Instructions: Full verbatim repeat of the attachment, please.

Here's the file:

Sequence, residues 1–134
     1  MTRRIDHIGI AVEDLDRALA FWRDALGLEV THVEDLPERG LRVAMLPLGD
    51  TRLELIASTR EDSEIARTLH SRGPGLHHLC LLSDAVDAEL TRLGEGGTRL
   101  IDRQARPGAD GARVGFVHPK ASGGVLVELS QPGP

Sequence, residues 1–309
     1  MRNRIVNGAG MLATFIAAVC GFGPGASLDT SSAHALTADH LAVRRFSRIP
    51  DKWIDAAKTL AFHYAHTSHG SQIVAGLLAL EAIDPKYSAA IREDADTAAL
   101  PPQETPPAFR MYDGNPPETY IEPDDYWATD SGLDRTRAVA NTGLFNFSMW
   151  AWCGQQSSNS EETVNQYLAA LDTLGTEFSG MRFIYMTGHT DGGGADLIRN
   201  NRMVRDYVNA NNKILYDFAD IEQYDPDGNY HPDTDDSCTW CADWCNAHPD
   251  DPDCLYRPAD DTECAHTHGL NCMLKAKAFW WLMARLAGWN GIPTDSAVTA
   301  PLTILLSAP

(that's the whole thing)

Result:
Sequence, residues 1–134
     1  MTRRIDHIGI AVEDLDRALA FWRDALGLEV THVEDLPERG LRVAMLPLGD
    51  TRLELIASTR EDSEIARTLH SRGPGLHHLC LLSDAVDAEL TRLGEGGTRL
   101  IDRQARPGAD GARVGFVHPK ASGGVLVELS QPGP

Sequence, residues 1–309
     1  MRNRIVNGAG MLATFIAAVC GFGPGASLDT SSAHALTADH LAVRRFSRIP
    51  DKWIDAAKTL AFHYAHTSHG SQIVAGLLAL EAIDPKYSAA IREDADTAAL
   101  PPQETPPAFR MYDGNPPETY IEPDDYWATD SGLDRTRAVA NTGLFNFSMW
   151  AWCGQQSSNS EETVNQYLAA LDTLGTEFSG MRFIYMTGHT DGGGADLIRN
   201  NRMVRDYVNA NNKILYDFAD IEQYDPDGNY HPDTDDSCTW CADWCNAHPD
   251  DPDCLYRPAD DTECAHTHGL NCMLKAKAFW WLMARLAGWN GIPTDSAVTA
   301  PLTILLSAP